Added Dr. Sergio: “Most clinically diagnosed depressed people have trouble in concentrating, remembering details, making decisions, restless, have feelings of guilt, feelings of worthlessness, helplessness, pessimism, hopelessness, insomnia, early-morning wakefulness, or sleeping too much, overeating or appetite loss, and suicidal thoughts or attempts.”

Dr. Antiado said a recent survey by the International Journal Mental Health has indicated that expatriates experience a high degree of stress which in turn disrupts their social and emotional wellbeing and exposes them to higher risk of mental health problems.

“Meeting work demands – Filipinos do multi-tasking; conflicts due to language barriers; absence of family support network and uncertain job security. All these contribute to the vulnerability of OFWs to depression,” she said.

She said signs or symptoms of depression can be categorized as follows:

• Cognitive: Inability to think; memory lapses, difficulty concentrating and indecisiveness; recurring thoughts of death or suicide.

• Emotional: prolonged sadness, emptiness, worthlessness, pessimism, apathy, uselessness, persistent hopelessness.

• Behavioral: energy level subsides (lethargic) or decreased pleasure in all activities; and lessened physical intimacy.

• Physical: headache, bodily complaints like backache, constipation stomach ache.

Other factors

Dr. Sergio said there are also a number of different factors that can cause depression, ranging from biological to social and environmental ones.

He said factors that can increase an OFW’s risk for depression include: A family history of depression, certain medical conditions and substance use. Other factors that may play a role include childhood trauma, medications, life stress, poor self-esteem, and some medications, he said.

Who are most vulnerable?

Dr. Antiado said World Health Organization (WHO) recently conducted a survey, the results of which, she noted “indicated that those who earned least and who had least control of their jobs tended to be more depressed.”

“Most of the jobs of female OFWs (elementary occupations) are domestic helpers which is characterized as a 24/7 job where they risk facing different forms of abuse. Due to depression we read news of OFWs jumping off the windows and the like,” she said. Dr. Antiado said WHO surveys and current researches “indicate that women are more prone to depression; and is more pronounced between the ages 18 – 44.”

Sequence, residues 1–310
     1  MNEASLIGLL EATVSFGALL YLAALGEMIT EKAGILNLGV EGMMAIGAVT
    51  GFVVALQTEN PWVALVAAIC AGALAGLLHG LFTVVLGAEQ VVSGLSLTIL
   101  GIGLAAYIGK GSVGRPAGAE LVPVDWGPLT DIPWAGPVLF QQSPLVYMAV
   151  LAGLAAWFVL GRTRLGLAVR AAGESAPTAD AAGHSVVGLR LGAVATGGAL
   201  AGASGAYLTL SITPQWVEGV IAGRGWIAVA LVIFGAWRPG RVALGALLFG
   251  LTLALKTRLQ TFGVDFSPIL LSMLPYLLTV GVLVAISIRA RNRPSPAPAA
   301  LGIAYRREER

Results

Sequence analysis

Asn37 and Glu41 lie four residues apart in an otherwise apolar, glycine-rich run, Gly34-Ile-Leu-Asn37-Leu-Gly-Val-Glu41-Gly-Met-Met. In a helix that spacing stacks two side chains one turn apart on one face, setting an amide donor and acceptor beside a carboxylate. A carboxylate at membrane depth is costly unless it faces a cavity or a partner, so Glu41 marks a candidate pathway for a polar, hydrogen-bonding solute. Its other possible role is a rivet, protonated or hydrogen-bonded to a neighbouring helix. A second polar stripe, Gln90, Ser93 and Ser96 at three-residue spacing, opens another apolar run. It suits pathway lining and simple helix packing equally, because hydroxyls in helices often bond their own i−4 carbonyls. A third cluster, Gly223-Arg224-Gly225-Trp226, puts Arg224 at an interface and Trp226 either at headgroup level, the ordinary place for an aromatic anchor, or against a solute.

Added Dr. Malaya: “During our wellness program, I usually encounter OFWs who experienced domestic violence – traumatic such as physical, emotional and verbal abuse – that led them to run away and decide to seek help from the Philippine Consulate. “I had several encounters with them and it is really happening most especially among domestic helpers who decided to leave our home country for the sake of providing for their loved once.”

 ‘Marami sila’

Dr. Sergio indicated that depression is common among OFWs in the UAE. “Marami sila. Magkakaiba ng edad at kasarian. I am also doing private consulting through counseling and the figures of people having depression are really overwhelming,” he said.

 Dr. Malaya said nobody is safe from depression.

“Anyone can have it, most especially OFWs. We cannot be free of depression especially if things in our lives are not balanced and when life strikes us with problems and unexpected events,” she said.

Dr Malaya said there are actually different types of depression. She said there are major ones that can be experienced most of the day or every day.

“There are persistent depressions that last for two years and more. There is also what is called as bipolar, a disorder that consists of periods of mania or hypomania, where you feel very happy, alternating with episodes of depression (or melancholia),” she said.

What can be done

Dr. Sergio advised that OFWs feeling depressed (note the symptoms mentioned) should seek professional help as soon as possible.

“Consult an expert once they have seen the signs of depression. It is so important that one consults a psychologist so that proper intervention can be done. As they say, prevention is better than cure. It is good to detect clinically the depressive episodes so as to save lives of our compatriots,” Dr. Sergio said.

Added Dr. Malaya: “The most important thing is to accept that you go abroad wholeheartedly. OFWs need to be prepared with loneliness, homesickness and hard work.” She said the following could help a lot in preventing depression: exercise; good coping strategies; good communication with family; develop friendship at the workplace; a goal with your family as to until when are you going to work abroad; and community support.

Bay suggest a “strong faith in God; continuing communication with family, close friends and/or well-meaning co- workers; socialize – not necessarily attending parties – or engage in community, church or company activities.”

Photo courtesy of the Philippine Embassy in Abu Dhabi, UAE.


3 thoughts on “Depression among OFWs: ‘The struggle is real’

  1. Thanks sir Jojo for the article. For the readers seek professional help if you must. Seeing a psychiatrist or going to a mental facility does not mean you are insane. You just need someone to help you.

    Liked by 1 person